The algorithm for Alzheimer risk assessment based on APOE promoter polymorphisms.
Limon-Sztencel A., Lipska-Ziętkiewicz BS., Chmara M., Wasag B., Bidzan L., Godlewska BR., Limon J.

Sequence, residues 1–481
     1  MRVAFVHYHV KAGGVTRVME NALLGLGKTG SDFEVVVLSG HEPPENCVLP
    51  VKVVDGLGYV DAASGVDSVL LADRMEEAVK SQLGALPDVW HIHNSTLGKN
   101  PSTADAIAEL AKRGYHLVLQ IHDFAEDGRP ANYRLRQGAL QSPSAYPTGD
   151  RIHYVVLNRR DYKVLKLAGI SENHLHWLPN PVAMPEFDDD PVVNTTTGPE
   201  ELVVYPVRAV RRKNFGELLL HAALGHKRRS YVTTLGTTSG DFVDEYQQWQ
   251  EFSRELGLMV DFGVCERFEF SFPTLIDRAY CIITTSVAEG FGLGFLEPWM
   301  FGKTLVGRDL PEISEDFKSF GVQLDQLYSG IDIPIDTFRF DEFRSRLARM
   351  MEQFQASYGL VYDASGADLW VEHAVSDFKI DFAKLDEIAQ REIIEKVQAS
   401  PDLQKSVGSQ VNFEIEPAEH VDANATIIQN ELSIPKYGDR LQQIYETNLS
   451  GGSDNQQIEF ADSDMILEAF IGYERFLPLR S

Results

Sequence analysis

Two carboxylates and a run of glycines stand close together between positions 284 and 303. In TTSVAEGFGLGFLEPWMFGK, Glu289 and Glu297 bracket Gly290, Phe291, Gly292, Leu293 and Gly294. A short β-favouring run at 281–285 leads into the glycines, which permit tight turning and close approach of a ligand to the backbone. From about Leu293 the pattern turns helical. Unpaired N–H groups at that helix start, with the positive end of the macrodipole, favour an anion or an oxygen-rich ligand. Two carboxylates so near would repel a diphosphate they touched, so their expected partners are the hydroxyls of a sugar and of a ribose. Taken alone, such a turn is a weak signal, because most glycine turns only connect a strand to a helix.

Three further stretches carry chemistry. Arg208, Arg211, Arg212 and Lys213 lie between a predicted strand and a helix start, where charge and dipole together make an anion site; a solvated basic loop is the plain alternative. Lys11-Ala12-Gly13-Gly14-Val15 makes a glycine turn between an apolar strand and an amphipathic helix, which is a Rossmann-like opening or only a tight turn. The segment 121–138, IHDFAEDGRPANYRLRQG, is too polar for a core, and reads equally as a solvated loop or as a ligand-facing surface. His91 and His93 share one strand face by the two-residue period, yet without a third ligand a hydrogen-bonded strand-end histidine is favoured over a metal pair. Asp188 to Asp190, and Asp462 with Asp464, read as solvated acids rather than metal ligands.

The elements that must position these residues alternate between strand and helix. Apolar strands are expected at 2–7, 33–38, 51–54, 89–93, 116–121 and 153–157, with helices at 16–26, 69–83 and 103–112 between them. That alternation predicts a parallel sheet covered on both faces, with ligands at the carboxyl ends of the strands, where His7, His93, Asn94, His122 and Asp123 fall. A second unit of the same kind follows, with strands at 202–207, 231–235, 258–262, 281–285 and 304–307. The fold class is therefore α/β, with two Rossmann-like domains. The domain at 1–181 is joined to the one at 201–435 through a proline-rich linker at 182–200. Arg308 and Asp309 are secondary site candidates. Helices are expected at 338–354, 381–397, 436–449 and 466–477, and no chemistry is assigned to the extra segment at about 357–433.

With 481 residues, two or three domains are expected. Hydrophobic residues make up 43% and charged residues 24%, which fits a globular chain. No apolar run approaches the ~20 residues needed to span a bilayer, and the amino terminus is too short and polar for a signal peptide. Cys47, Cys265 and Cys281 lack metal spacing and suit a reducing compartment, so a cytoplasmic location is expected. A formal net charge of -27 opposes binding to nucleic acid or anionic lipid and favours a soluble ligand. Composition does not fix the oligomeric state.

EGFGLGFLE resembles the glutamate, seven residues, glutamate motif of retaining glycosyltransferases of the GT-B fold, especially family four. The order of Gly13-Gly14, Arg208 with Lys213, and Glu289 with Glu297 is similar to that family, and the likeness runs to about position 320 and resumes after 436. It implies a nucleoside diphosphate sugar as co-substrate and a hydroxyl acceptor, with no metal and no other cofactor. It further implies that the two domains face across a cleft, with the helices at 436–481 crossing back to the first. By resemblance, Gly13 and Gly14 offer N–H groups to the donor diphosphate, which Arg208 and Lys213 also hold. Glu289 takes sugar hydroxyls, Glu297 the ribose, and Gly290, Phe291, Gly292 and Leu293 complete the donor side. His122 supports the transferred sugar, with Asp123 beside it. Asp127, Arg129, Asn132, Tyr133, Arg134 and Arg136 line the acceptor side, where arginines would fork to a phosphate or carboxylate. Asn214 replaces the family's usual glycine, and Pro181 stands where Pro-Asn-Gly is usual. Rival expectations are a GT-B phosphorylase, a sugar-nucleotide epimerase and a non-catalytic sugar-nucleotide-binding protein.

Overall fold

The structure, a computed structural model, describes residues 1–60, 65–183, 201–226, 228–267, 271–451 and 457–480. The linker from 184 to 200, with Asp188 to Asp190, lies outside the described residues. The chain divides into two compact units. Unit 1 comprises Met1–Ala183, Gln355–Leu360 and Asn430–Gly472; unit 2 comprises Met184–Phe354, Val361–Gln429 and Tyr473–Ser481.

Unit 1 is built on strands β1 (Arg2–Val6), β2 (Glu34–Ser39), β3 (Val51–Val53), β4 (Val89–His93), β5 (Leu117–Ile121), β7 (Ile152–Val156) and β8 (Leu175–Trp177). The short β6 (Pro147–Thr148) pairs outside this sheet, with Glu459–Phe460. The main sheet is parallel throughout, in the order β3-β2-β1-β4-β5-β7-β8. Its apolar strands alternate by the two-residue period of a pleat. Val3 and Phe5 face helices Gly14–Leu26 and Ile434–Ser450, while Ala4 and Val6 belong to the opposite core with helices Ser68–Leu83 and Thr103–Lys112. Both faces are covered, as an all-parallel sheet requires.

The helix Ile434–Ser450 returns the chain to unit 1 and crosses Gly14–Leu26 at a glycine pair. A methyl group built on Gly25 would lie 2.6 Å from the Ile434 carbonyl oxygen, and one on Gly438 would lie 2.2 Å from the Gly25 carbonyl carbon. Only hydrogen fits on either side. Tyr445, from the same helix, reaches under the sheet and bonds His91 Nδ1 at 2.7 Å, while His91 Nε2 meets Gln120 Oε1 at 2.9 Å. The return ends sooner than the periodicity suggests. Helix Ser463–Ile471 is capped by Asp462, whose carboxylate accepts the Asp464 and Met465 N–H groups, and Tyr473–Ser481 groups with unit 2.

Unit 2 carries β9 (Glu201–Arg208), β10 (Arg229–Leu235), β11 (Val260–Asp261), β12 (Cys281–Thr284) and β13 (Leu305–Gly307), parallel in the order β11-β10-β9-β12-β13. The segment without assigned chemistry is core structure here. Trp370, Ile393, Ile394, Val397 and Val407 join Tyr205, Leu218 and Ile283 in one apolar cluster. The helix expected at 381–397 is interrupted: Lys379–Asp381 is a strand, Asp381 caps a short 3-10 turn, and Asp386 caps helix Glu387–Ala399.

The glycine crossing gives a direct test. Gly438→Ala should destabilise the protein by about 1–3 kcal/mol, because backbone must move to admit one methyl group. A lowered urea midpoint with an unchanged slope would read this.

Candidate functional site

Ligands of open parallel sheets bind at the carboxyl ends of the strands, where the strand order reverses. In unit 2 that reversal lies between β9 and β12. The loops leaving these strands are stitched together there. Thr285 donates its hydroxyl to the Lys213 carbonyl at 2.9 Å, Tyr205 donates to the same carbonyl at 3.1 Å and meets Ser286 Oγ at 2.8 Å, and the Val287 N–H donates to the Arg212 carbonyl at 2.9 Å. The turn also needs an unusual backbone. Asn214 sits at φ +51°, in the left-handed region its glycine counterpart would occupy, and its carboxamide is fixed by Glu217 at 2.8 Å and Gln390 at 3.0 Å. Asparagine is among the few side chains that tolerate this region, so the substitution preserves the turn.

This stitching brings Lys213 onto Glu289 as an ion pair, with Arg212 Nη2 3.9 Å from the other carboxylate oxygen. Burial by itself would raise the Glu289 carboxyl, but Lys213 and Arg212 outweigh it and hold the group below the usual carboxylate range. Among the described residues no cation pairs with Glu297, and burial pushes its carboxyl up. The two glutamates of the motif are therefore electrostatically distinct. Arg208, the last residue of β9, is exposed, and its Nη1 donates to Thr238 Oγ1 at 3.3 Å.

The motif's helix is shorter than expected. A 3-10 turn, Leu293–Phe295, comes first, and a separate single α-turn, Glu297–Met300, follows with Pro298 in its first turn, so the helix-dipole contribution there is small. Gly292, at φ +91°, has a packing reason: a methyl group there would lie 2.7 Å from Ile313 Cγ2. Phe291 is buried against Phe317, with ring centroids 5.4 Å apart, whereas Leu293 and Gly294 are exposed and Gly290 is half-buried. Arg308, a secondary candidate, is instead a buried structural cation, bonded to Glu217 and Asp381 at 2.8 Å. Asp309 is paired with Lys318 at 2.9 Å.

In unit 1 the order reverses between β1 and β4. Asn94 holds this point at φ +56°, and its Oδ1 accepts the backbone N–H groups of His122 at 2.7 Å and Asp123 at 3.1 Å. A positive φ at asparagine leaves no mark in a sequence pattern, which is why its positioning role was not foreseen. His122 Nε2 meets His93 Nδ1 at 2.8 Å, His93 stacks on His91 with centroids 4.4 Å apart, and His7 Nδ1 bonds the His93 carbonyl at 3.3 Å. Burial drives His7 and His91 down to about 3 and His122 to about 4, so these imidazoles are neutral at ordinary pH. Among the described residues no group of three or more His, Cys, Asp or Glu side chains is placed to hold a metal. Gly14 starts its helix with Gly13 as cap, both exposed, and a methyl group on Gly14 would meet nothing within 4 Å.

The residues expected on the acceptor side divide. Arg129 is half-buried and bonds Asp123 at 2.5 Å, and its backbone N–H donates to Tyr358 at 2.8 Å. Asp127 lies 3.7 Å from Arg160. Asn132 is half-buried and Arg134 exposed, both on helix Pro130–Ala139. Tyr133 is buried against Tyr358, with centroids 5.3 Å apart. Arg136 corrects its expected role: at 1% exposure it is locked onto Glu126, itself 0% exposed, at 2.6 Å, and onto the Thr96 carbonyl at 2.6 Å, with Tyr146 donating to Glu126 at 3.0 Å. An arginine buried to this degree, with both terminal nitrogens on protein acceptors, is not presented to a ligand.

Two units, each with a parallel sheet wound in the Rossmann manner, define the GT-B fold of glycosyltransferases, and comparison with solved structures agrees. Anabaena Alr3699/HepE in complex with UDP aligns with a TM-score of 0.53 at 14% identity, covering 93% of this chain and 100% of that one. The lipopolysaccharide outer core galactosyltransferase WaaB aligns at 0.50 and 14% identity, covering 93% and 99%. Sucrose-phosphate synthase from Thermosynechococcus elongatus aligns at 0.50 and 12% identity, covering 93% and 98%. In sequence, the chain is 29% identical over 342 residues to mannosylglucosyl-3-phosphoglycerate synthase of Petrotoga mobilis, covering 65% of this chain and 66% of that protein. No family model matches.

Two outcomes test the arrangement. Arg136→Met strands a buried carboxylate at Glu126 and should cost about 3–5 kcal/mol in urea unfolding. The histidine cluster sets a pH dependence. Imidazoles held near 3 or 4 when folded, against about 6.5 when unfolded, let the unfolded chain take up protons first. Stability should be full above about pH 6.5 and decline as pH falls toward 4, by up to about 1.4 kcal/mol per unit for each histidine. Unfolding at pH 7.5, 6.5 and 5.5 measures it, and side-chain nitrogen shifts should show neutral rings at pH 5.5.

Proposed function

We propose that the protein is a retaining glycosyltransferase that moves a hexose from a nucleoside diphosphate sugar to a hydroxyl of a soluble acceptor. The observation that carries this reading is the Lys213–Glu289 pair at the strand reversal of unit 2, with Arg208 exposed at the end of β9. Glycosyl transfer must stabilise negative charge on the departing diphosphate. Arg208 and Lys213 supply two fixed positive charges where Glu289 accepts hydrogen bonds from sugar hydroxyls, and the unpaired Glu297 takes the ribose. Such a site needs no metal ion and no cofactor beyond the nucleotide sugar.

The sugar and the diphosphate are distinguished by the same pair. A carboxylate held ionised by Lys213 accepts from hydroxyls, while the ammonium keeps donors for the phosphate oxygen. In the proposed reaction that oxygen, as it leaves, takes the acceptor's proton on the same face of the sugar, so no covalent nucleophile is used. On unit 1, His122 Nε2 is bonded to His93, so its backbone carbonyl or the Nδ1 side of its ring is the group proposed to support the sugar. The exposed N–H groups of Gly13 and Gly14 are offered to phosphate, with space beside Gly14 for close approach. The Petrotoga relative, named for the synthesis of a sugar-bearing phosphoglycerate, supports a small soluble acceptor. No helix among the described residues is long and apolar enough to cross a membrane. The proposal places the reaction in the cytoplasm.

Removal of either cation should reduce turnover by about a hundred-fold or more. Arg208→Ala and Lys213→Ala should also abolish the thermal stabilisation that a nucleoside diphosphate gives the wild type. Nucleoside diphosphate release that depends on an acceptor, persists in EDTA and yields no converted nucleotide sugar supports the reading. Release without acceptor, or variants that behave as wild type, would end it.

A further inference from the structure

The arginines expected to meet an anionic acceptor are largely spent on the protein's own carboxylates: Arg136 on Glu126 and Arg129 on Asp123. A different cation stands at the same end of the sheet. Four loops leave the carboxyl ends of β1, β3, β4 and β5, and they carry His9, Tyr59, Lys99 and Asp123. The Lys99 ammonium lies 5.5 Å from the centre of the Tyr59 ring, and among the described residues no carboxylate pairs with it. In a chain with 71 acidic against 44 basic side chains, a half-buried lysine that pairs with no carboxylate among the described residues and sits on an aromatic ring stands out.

BACKGROUND: Over the past two decades, the APOE gene and its polymorphisms have been among the most studied risk factors of Alzheimer disease (AD) development; yet, there are discrepancies between various studies regarding their impact. For this reason, the evaluation of the APOE genotype has not been included in the current European Federation of Neurological Societies guidelines for AD diagnosis and management. This aim of this study was to add to this discussion by assessing the possible influence of multiple polymorphisms in the promoter region of the APOE gene and genotypes of its allele E on the risk for dementia. METHODS: We performed a comprehensive analysis of APOE gene polymorphisms, assessed the detected genotypes and correlated molecular findings with serum apolipoprotein E concentrations. The study comprised 110 patients with AD and 110 age-matched healthy individuals from the Polish population. RESULTS: Four polymorphisms of the APOE gene had minor allele frequency exceeding 5% and were included in the analysis: -491A/T (rs449647), -427T/C (rs769446), -219T/G (rs405509) in the promoter region and +113G/C (rs440446) in intron 1. A protective effect of the -219G allele on AD development was observed. Also, the -491T and -219G alleles were found to be underrepresented in the carriers of the APOE E4 variant. On the basis of the genotype and linkage disequilibrium studies, a relative score was attributed to given genotypes with respect to the estimated probability of their protective effects against AD, giving rise to the 'preventive score'. This 'preventive score', based on the total sums of the relative scores, expresses the protective effect deriving from the synergistic action of individual single-nucleotide polymorphisms. The 'preventive score' was identified as an independent predictive factor. CONCLUSIONS: We propose a novel, more complex approach to AD risk assessment based on the additive effect of multiple polymorphic loci within the APOE promoter region, which on their own may have too weak an impact to reach the level of significance. This has potentially practical implications, as it may help to improve the informative potential of APOE testing in a clinical setting. Subsequent studies of the proposed system in large, multi-ethnic cohorts are necessary for its validation and to assess its potential practical value for clinical applications.